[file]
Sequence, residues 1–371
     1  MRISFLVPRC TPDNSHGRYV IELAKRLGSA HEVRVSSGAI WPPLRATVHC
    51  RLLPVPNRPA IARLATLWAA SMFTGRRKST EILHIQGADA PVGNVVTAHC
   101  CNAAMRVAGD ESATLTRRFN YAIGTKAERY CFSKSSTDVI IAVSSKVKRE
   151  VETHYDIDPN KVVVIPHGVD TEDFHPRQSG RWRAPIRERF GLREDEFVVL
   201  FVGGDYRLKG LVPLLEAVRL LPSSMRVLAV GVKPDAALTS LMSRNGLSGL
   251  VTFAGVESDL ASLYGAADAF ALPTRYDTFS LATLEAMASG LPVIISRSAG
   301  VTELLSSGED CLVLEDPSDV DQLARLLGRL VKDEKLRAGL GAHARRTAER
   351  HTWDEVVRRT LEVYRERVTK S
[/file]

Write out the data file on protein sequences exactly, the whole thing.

Sequence, residues 1–371
     1  MRISFLVPRC TPDNSHGRYV IELAKRLGSA HEVRVSSGAI WPPLRATVHC
    51  RLLPVPNRPA IARLATLWAA SMFTGRRKST EILHIQGADA PVGNVVTAHC
   101  CNAAMRVAGD ESATLTRRFN YAIGTKAERY CFSKSSTDVI IAVSSKVKRE
   151  VETHYDIDPN KVVVIPHGVD TEDFHPRQSG RWRAPIRERF GLREDEFVVL
   201  FVGGDYRLKG LVPLLEAVRL LPSSMRVLAV GVKPDAALTS LMSRNGLSGL
   251  VTFAGVESDL ASLYGAADAF ALPTRYDTFS LATLEAMASG LPVIISRSAG
   301  VTELLSSGED CLVLEDPSDV DQLARLLGRL VKDEKLRAGL GAHARRTAER
   351  HTWDEVVRRT LEVYRERVTK S